There are three main gaming platforms. The PC, the mobile or ‘smart' device, and the dedicated games console. Looking worldwide, two out of three are now dominated by free-to-play.
On PC we have the world's #2 FPS by revenue. Nope, it's not Battlefield 3 but Cross Fire, a low-res free-to-play Counter-Strike clone that's so popular in China that four million people have played the game at the same time. On Steam, the trusty stats page shows us that the two most popular games on the platform are both free-to-play. Casual PC games now mostly take place in the browser, and the free-to-play model (in which starting the game is free but users may pay for cosmetic and/or gameplay-affecting add-ons) dominates there, with the vast majority of the world now playing casual browser games on Facebook.
On mobile, there's Apple's top-grossing U.S. list of 2012, where on iPad and iPhone you need to go to 13th place before you find a game that isn't free. On Android, paid games are basically non-existent—with even Angry Birds being free. In Japan in 2011, the two leading free-to-play mobile games companies alone—Gree, and my employer, DeNA—took more net revenue than the entire gross of Japanese games software retail business ....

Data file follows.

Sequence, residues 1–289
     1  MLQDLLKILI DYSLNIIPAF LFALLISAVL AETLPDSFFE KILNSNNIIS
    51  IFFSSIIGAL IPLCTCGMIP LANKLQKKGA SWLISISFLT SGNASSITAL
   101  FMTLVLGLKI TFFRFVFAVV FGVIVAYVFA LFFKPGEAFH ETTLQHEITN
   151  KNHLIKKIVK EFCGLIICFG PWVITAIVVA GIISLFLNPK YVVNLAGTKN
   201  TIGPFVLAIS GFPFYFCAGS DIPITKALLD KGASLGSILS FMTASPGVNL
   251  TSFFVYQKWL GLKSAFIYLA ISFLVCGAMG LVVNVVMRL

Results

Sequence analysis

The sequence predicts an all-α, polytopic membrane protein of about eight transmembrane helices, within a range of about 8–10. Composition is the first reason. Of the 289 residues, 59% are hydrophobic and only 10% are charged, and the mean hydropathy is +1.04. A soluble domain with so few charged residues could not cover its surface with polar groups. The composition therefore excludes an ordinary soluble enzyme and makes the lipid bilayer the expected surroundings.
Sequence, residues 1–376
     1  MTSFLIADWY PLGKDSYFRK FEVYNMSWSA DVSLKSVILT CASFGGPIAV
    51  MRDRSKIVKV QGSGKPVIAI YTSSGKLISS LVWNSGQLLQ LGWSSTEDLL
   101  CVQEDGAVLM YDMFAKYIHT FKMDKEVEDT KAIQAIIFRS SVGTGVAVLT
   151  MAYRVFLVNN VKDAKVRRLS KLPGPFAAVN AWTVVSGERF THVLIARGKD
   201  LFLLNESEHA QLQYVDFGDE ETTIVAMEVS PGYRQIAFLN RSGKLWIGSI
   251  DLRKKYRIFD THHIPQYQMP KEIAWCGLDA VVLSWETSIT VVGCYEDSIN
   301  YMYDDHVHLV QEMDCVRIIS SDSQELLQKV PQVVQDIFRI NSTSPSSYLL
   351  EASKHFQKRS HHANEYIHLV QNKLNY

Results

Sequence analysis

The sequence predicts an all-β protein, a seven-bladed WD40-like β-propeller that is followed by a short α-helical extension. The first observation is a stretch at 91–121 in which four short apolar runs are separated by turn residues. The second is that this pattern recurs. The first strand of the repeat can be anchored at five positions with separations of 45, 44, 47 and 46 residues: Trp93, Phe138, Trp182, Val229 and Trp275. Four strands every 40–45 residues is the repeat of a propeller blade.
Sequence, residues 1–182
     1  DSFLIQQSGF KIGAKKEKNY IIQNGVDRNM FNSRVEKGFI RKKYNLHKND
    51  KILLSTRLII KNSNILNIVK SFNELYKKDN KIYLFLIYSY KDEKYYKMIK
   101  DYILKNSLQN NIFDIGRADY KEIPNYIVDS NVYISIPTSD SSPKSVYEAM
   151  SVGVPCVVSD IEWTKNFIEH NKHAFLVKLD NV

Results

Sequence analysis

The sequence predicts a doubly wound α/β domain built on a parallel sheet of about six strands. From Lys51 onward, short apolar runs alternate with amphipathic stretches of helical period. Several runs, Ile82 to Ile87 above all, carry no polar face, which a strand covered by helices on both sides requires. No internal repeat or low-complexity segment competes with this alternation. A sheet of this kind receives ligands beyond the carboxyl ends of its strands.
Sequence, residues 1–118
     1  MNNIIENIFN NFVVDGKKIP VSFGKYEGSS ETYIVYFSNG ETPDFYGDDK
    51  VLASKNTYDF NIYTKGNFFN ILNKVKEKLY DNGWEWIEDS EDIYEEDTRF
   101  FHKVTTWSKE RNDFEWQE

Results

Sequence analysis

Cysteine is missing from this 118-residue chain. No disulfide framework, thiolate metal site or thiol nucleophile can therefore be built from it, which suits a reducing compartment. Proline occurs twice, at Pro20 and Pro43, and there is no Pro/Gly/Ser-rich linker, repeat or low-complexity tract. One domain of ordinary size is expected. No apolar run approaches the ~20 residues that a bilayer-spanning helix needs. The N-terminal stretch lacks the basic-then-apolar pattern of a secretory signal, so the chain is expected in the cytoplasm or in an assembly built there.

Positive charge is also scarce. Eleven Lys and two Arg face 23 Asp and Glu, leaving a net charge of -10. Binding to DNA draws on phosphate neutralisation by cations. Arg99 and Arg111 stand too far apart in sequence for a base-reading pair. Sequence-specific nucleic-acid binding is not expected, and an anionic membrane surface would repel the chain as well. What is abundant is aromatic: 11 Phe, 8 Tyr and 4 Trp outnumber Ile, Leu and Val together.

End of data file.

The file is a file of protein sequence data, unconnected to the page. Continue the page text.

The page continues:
If the game is good enough, then consumers will be faced with a choice: pay $60, or get basically the same thing, for free.
So, why is free-to-play becoming so dominant?
I wrote last week about the cost to the consumer of downloading data dropping dramatically over recent years. Well, it just so happens that the cost to businesses to send that data has also been dropping dramatically. So much so, that you could argue that the cost is essentially zero. In fact, as a developer, distributing your game on Steam or the iOS App Store or Google Play, costs literally nothing.